- Tourism Railroads - Several locomotives are used for tourism and recreational services, such as "El Parque del Tren" in Bayamón (demolished to make way for the Tren Urbano) and the historic narrow gauge old sugarcane plantation "Tren del Sur" in Arroyo (currently abandoned but with plans for restoration).
Defunct systems 
The Puerto Rico train system flourished during the late 19th and early 20th century due to a large sugar cane industry in the island. Most, if not all, of these system were private-owned services.
During the 1870s and 1890s, Puerto Rico did not have a national railroad system, but the city of Mayagüez did have a small passenger rail system for transporting its residents mainly along the Mendez Vigo Avenue.
The main system can be traced back to 1891, when the northern line was built between San Juan (Martín Peña sector) and the town of Manatí. The system was expanded to include all the western coastal towns, providing a link which would allow passengers to travel between the northern and southern parts of the island in less than a day for the first time in its history. Before its downfall, the Puerto Rico railroad system operated in all major cities, with tracks and stations along most of the coastal towns and direct lines to all major sugar refineries.
However, when Puerto Rico changed its mostly agricultural economy to an industrialized one, and the U.S. and Puerto Rican governments started investing heavily in interstate highways and freeways, the railroad business soon collapsed. Passenger travel ceased in 1953, while the commercial train system (mostly for the sugar cane industry) continued operating until 1957.
Road transportation 
Puerto Rico has an extensive system of roads and highways featuring tolled freeways (autopistas). Some are designated as Interstate Highways; although these routes do not connect to the contiguous United States, and are unsigned as such, they still receive funding in a similar fashion to the other Interstates on the U.S. mainland. In total, there are more than 8,950 miles (14,400 km, 1999 est.) of paved road. Some of the major highways are:
PR-2 - Main freeway/highway/urban primary highway between/through Ponce, Mayagüez, Aguadilla, and Arecibo. Original main highway between Arecibo and San Juan before completion of PR-22 (currently undergoing a conversion to a freeway between Ponce and Mayagüez). This is the longest road in Puerto Rico.
PR-10 - Main highway between Ponce, Adjuntas, Utuado and Arecibo (currently under construction: sections from Ponce to Adjuntas and Utuado to Arecibo are complete and open; while section between Adjuntas and Utuado under construction, with detour through PR-123).
PR-53 - Main freeway between Salinas, Guayama, Yabucoa, Humacao and Fajardo (currently under construction: section between Salinas and Guayama and Humacao to Fajardo are complete and open; while section between Guayama, Yabucoa and Humacao are currently under construction).
Urban transportation 
Transportation in Puerto Rico is heavily dependent on automobile transportation. Nevertheless, the government has increased investment in public transportation in an attempt to decrease vehicle dependency and road congestion. The island's metro area is serviced with three major public transportation systems:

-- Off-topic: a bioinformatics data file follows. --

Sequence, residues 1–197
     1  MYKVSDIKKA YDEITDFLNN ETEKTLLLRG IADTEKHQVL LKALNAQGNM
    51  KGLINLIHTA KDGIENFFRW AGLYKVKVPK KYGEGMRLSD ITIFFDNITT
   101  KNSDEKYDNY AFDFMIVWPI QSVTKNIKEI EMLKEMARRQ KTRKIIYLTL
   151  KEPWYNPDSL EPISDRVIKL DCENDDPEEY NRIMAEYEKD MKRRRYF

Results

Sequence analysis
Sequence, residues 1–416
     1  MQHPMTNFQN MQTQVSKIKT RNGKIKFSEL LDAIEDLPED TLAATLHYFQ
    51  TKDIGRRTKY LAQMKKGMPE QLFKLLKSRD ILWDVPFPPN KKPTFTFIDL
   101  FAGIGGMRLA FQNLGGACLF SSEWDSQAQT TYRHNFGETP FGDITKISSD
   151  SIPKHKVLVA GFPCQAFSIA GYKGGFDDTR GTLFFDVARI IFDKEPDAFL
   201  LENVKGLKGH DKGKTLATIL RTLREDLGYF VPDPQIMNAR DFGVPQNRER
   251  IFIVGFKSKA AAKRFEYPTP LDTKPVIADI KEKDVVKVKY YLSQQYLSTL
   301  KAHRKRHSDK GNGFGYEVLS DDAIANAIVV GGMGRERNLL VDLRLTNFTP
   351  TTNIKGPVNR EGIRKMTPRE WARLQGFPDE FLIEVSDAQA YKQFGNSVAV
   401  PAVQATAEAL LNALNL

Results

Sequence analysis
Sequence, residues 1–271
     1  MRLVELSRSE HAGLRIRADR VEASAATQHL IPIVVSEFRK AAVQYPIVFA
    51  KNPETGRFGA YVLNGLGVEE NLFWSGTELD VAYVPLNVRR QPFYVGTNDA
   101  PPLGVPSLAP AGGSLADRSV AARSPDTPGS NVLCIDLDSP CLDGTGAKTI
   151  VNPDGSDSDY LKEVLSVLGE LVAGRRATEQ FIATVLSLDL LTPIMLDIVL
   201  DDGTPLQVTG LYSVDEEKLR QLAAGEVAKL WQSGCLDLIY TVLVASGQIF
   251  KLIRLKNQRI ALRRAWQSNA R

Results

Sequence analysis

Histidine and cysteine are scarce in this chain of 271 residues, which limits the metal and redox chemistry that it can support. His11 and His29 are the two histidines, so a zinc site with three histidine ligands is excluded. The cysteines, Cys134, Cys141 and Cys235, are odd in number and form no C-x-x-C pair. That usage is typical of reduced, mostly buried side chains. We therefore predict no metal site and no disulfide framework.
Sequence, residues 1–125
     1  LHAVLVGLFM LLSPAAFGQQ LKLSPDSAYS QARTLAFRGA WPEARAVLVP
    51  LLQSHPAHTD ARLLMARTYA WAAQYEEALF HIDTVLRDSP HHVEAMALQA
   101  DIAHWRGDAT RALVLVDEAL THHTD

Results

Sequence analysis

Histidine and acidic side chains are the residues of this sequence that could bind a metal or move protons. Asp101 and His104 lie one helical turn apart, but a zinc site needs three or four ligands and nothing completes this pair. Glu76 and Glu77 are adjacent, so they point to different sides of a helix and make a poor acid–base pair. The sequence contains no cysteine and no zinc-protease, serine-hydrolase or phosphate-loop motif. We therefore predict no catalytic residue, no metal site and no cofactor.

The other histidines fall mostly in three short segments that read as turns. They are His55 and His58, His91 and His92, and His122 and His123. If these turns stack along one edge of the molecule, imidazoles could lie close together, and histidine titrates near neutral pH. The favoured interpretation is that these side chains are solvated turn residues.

- The 10.7 mile (17.2 km) metro system called "Tren Urbano" with a total of 16 stations. The project, which began operations in late 2004 cost a total of $2.25 billion and was more than $1 billion over budget and four years late. However, the "subsidized" Tren Urbano has received far less ridership than was originally projected and has failed to make a significant impact on reducing the island's metropolitan area traffic.
- A daily ferry service known as the Cataño Ferry, (La Lancha de Cataño in Spanish) which operates a route across San Juan Bay between Old San Juan and the municipality of Cataño.
- Metropolitan Bus Authority (Autoridad Metropolitana de Autobuses or AMA in Spanish) provides daily bus transportation to residents of San Juan, Guaynabo, Bayamón, Trujillo Alto, Cataño, and Carolina through 30 different routes. Its fleet consists of 277 regular buses and 35 buses for handicapped persons, and its ridership is estimated at 112,000 on work days.
Most cities and towns also have a Jitney-type taxi system locally called Carros Públicos. Each town has a central taxi terminal usually within walking distance of the town's central plaza where taxis are stationed, and they provide transportation through local and islandwide routes.
- Puerto Rico Department of Transportation and Public Works (Spanish)
- Puerto Rico: Society and Culture Before the US Invasion of 1898: Transportation Institute of Puerto Rican Arts and Culture (IPRAC) (Spanish)
- The Train: Memories and Nostalgia, Searching for Our Roots (Spanish)
- East Coast Transportation PR (Spanish)
- Railroads of Puerto Rico: Ferrocarril Chemex Chemex Railroad operation in Ponce.
- Bayamon Tourism, RadioSabor.es
- Government of Puerto Rico State Historic Conservation Plan 2006-2010 (Spanish)
- "Alternativa de Transporte Integrado homepage" (in Spanish). Retrieved 2007-05-08.
- Tren Urbano PR another way low transit ridership forecast, TOLLROADSNews, November 20, 2005, accessed April 13, 2007.
- "Government's page on Lancha de Cataño's economical impact" (in Spanish). Retrieved 2007-05-08.
- AMA: Descripción (Spanish)